He was young, maybe in his mid-twenties, with closely-cropped dark hair and a hard-edged jaw. His mouth was set in a grim line, but his brown eyes betrayed the same strain that I had detected in his voice. The man was tense, upset. And that scared me more than anything. A man on the edge could be more dangerous than a cold-blooded criminal.
I caught my own reflection as he punched the button for the ninth floor. My grey eyes were wide, the fear that was making my heart hammer in my chest evident in every strained line of my pale face. But other than that, I looked completely normal: light brown hair pulled back into a tight bun and my collared shirt and slacks perfectly straight and wrinkle-free. The contrast with my wild expression was jarring.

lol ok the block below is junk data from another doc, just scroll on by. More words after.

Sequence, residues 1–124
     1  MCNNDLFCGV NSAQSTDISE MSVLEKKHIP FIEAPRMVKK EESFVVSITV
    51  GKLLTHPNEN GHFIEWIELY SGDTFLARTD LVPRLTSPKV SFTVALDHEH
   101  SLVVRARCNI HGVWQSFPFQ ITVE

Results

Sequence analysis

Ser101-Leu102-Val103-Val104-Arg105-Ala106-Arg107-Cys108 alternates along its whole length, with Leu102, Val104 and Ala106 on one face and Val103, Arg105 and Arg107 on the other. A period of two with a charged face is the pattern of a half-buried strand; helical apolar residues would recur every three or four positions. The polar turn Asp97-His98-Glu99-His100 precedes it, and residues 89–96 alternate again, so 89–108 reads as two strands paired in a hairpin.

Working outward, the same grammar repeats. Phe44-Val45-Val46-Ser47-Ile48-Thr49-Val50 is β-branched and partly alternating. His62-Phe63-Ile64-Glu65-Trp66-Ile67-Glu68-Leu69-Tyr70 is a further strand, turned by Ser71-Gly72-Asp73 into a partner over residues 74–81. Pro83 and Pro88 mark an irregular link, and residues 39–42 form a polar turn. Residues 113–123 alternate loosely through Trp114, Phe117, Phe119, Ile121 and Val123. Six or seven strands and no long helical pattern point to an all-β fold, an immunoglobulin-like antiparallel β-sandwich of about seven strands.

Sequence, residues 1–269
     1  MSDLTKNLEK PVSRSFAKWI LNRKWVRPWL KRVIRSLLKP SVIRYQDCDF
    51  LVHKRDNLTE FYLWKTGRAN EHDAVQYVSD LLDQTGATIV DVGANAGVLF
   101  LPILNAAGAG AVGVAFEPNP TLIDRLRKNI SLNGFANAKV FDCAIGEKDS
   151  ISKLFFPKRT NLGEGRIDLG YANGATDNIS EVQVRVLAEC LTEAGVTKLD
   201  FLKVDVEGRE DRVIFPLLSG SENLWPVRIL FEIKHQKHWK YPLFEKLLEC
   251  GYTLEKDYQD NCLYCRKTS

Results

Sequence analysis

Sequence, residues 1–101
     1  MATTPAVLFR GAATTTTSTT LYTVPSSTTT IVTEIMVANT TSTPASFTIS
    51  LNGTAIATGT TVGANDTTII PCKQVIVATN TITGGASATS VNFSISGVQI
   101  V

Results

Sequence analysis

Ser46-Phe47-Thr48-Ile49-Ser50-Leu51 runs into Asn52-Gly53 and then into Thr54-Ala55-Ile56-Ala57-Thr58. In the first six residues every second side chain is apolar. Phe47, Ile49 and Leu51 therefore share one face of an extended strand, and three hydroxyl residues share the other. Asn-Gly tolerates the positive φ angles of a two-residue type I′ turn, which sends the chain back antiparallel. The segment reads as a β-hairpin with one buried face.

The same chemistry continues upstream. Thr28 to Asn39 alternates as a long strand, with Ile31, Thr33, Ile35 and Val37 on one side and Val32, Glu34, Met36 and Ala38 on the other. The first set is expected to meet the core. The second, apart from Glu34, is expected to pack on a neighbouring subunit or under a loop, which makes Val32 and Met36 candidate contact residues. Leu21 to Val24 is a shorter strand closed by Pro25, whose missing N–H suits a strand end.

All too soon, the doors opened, and I was being ushered down another hallway. We stopped at a door to what I could now tell was an apartment. He fumbled with his keys, reaching around me to unlock the door. He kicked it open and gave me a particularly hard shove. I stumbled across the threshold.
The door closed behind me with a sound of finality.
“Sean!” The man called out. There was no answer. “Sean!” He said again, fear lacing his tone this time. He pushed me forward, guiding me towards a bedroom. When I saw what was inside, I stopped in my tracks for a moment. But my captor wasn’t having it, and he shoved me into the room.